When attempting the reboot GRUB was not able to boot the system. Due to my previous experiences installing Suse I knew that this was not a major problem, just bothersome. I had to figure out how to convince GRUB to boot into the system which I was confidant was properly installed. I dove into the GRUB command line editor and began playing around and reading the help. By a stroke of luck I happened to find an “easy” solution. The GRUB entries for the boot disk and the initrd referenced my hard-drive as (hd0). However, my hard drive has three paritions and the boot disk is in the second one. I manually changed the prefix to be (hd0,1) [1 indicates the second partition as the first is 0]. After this the newly installed system booted into its second round and every went without a hitch. All the vital components seemed to be working. I was glad I was able to get over two major hurdles. But things were not finished yet.
I have an ATI-Radeon graphics card which runs quite well with the open source drivers, but I do notice the proprietary drivers do run a tad faster. I notice this when the mouse cursor moves over areas where a pop-up box is displayed. It works but it’s slow enough to be irritating. The native ATI driver can be installed easily and after a reboot things are working quite well. The downside of this is that using tumbleweed in this constellation is not recommended. I’m still debating this one.
Another irritating thing is that was quite irritating was the lack of audio. I spent several hours looking at pulse-audio and also settings to no avail. In Yast my sound card was recognized and even played a test sound. But within KDE itself no sound. The pulse audio setup, kmix and so forth showed only a dummy sound sink. The solution was very simple. The user must be added to the audio group. After I did this everything worked like a charm. An easy solution but bothersome because this was not required before.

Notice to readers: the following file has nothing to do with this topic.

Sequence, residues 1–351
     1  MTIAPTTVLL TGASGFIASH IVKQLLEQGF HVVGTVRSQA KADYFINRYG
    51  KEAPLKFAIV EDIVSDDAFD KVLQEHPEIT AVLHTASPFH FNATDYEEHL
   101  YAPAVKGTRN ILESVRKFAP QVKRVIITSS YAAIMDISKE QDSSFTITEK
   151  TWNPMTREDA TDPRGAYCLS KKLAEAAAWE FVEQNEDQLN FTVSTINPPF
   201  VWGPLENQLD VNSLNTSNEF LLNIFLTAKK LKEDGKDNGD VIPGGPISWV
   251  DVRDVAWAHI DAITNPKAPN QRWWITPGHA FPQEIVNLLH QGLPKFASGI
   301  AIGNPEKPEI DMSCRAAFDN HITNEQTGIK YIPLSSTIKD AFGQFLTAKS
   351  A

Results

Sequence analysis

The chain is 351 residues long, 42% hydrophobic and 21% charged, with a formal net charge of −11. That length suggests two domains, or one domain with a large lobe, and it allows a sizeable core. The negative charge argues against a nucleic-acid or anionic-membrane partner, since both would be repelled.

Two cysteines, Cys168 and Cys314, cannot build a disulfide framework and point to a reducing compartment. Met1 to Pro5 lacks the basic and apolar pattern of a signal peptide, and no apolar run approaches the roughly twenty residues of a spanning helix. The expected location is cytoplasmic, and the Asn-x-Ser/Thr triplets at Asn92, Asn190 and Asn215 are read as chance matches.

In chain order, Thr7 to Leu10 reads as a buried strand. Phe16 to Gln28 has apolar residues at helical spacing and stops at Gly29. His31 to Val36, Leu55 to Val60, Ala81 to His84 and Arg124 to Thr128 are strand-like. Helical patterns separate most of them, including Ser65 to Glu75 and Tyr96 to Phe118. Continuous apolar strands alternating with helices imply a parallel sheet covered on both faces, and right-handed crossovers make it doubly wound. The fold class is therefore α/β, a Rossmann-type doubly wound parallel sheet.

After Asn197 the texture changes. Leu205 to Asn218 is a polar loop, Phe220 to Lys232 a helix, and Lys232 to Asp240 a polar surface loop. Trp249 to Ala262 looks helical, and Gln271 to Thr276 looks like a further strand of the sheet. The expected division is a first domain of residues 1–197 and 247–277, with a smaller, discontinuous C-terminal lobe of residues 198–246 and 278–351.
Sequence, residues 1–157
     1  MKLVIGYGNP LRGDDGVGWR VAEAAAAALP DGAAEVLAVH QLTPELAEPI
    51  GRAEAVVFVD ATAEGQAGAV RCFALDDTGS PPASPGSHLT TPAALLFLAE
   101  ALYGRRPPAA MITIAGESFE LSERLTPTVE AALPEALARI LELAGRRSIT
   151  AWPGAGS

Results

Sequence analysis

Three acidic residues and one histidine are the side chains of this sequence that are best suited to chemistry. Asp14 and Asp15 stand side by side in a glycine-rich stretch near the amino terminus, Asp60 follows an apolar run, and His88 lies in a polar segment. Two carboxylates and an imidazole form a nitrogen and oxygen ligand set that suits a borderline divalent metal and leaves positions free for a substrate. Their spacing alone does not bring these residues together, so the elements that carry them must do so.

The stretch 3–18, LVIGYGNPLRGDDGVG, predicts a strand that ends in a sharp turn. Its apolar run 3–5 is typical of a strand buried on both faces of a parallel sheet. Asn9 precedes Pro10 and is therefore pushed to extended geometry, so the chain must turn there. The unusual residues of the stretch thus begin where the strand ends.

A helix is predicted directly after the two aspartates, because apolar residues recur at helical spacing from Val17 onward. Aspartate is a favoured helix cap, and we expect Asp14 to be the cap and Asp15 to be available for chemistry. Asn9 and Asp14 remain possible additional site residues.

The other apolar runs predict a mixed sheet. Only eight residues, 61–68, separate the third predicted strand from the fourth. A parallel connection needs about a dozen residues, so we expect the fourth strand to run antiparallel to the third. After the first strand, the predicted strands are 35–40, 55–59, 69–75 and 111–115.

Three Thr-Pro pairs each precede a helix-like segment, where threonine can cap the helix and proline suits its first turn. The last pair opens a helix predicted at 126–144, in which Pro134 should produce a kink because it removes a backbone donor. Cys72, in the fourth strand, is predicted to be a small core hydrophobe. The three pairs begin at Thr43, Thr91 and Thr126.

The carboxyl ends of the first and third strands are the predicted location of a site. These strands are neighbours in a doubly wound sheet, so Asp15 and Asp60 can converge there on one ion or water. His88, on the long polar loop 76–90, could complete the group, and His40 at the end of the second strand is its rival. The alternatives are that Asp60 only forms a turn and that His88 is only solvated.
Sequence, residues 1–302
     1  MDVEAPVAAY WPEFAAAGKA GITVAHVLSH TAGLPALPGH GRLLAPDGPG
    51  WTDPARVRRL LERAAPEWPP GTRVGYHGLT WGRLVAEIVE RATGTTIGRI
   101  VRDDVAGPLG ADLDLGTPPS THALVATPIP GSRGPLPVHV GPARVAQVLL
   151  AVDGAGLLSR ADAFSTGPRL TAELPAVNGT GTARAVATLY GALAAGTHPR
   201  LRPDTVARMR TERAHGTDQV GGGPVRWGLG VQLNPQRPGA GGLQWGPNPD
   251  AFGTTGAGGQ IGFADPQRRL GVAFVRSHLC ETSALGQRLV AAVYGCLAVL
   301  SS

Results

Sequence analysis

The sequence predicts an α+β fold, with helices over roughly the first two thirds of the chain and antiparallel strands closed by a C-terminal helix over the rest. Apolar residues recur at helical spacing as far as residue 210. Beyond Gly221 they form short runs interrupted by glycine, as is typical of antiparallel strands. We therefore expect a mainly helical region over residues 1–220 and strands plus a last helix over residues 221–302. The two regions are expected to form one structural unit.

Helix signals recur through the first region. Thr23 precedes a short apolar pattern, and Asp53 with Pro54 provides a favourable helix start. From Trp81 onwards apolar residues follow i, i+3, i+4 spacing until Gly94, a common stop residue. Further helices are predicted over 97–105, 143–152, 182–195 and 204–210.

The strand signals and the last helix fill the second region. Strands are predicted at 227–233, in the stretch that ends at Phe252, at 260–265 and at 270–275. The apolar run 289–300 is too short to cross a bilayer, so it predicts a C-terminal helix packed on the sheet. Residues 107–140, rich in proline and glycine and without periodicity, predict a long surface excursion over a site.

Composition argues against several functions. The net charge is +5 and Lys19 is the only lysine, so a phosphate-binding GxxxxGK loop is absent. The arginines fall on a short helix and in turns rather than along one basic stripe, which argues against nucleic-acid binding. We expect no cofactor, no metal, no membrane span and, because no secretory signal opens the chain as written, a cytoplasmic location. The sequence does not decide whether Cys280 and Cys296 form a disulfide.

The final problem was a real pain and caused me much anxiety. Kmail (now kmail2) is unable to migrate all my Kontact data: mail, contacs, calender etc. This was quite unnerving. I quickly found several forums on the openSuse site where frustrated users were ranting about the major KMAIL FAIL. I shared their concerns and was equally displeased. I have several hundred emails and rely heavily on my calender. I was not looking forward to digging through my old files and backups to restore my data to a usable state. BTW, the kmail/kontact data locations can be found here.
I considered going to Thunderbird or even using Claws but I really wanted to stick with Kmail if it were possible. I spent a few days fiddling around trying to see if the other software could do what I need and most of all if they could import the mail data, which was still intact. What I eventually realized is that I had panicked. I just needed to get acquainted with the new setup, in particular how to manage the new akonadi, and kontact/kmail worked just fine. Akonadi just needs to know where the data is and it works just fine. Once i got that set up correctly, kmail2 was able to read my old mail directories without a problem. At first I saw my old mail directory tree but everything was empty. I though they had all been erased but it was simply a matter of telling kmail2 to do an update of the directories. After that everything was there.
The thing that helped me get that all cleaned up is to realize a few new tings about the kontact/akonadi architecture. Akonadi is a data layer between kontact and the hard-drive (I’m still using vcard and ical files). Once I got the data sources in akonadi cleared up kontact worked just fine. Because the initial migration failed and I tried several manual attempts akonadi was full of entries which pointed to nothing useful. After looking more closely I deleted all the extraneous entries and recreated those for my calendar, email directory and contacts list. That was a scary situation but in the end everything is working well.